The old pad = 30mm high, the new pad 32mm, the color of the new pad is darker and the velours of the newer pads feel less ‘soft’ to the skin.
The new pads also come with new foam inlays.
The new pads have the product code: 050635. They are suited for HD545 / HD565 / HD580 / HD600 / HD650 / HDI850.

HD650 pads

Time for some measurements to show the differences between the 2 pads (right channel only).
The measurements are done with the same test-voltages from a low output R amplifier and the same driver/channel.
The old pad has a good 2dB more presence below 1000Hz and is also a bit louder in SPL. The amount of treble (> 4kHz) is about the same level.
The new pad is more balanced and the ‘warmer’ signature is gone. More towards the HD580 / HD600 signature.

hd 650 r old pads vs new pads

What isn’t very obvious when wearing these is the fact that the old pads compress a lot more than the newer (less compliant) ones.
When placed on the test rig this became quite evident though.
Quite possible the older pads may create a slightly better seal on some heads (depending on bone structure) as well.
Using the older pads the drivers are thus much closer to the ears which results in a slightly higher SPL below 1kHz.
To check if the pad thickness is indeed the only parameter that changed I pressed the new pads against the rig to the same driver-rig distance as the old pads did by themselves. Below the result of this small test.

hd650 old pads vs compressed new pads

This test shows that the newer pads do not have any different absorption or other acoustical effects and the differences in sound signature and SPL between the two pads is now the same. They sound equally ‘warm’ under these conditions.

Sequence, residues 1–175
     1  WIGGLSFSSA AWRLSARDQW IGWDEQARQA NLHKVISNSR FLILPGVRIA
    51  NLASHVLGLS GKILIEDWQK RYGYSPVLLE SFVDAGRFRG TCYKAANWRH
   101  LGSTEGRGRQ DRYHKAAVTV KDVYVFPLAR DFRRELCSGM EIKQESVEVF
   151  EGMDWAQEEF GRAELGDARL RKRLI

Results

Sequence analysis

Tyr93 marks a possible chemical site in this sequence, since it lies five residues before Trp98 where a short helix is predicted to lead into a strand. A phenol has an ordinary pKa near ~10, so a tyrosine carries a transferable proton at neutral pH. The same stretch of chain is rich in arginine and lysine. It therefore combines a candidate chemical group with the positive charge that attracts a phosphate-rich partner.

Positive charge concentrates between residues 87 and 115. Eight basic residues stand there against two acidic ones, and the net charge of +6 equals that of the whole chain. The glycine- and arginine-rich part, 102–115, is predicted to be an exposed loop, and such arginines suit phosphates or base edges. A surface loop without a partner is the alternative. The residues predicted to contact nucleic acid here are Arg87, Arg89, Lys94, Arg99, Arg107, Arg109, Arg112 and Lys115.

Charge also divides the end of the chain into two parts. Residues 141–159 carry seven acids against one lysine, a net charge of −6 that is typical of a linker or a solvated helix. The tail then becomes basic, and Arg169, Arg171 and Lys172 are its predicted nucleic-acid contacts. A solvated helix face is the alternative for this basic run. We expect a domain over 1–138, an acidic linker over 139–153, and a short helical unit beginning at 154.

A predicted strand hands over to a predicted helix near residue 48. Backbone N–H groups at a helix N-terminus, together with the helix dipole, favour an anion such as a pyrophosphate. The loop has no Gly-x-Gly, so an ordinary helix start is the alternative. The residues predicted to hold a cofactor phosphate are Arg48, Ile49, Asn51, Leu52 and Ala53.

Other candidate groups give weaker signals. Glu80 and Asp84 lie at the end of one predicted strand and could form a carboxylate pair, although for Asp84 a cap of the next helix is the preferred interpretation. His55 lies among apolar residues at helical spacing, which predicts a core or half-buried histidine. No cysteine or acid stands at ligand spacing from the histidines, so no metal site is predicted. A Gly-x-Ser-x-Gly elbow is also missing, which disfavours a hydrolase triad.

What became quite obvious is that while the old and new pads differ only slightly in height when laying flat on the table (30mm vs 32mm) as shown in the picture above, but the pads compress in a substantially different way when being pressed against the skull with the same clamping force.

Below 2 pictures of both pads with 1kg weight on top of them. Roughly equating to about 10 Newton force which is a bit north of firm pressure but it shows the differences better.
With 10N on the entire surface of the pads the total height of the pads was reduced from 30mm to 20mm. Considering the mounting plate was also included (which is 5mm) the actual pad thickness reduced from 25mm to 15mm a 40% reduction.

old HD650 10N

Below a picture of the new pads with the exact same weight pressing on it. With 10N on the entire surface of the pads the total height of the pads was only reduced from 32mm to 27mm. Considering the mounting plate was also included (which is 5mm) the actual pad thickness reduced from 27mm to 22mm a 20% reduction.

new HD650
The question of course is whether or not the old pads had been (much) stiffer when new which is quite likely as the foam inside the pads deteriorates over the years.
If that’s indeed the case then the sonic signature must have become ‘warmer’ over the years without me really noticing it….

Amplifier output resistance effect

Due to the impedance characteristics of the HD650 the headphone changes its sonic signature slightly when fed from either a low output R amplifier (0.1Ω) or  a higher output R amplifier (120Ω). Because of the relatively high impedance of the headphone (around 300Ω) the effect isn’t nearly as dramatic as it can be on lower impedance headphones. Below a plot of the HD650 (with new pads) when driven from a 0.1Ω amplifier and a 120Ω output amplifier (Ember prototype was used).

hd650 new pads 0 ohm vs 120 ohm

As can be seen the mid bass is increased by about +1dB and the upper treble by about +0.5dB.
The SPL was level matched at 1kHz to compensate for the level differences caused by voltage division. The CSD showed no differences other than the small level differences.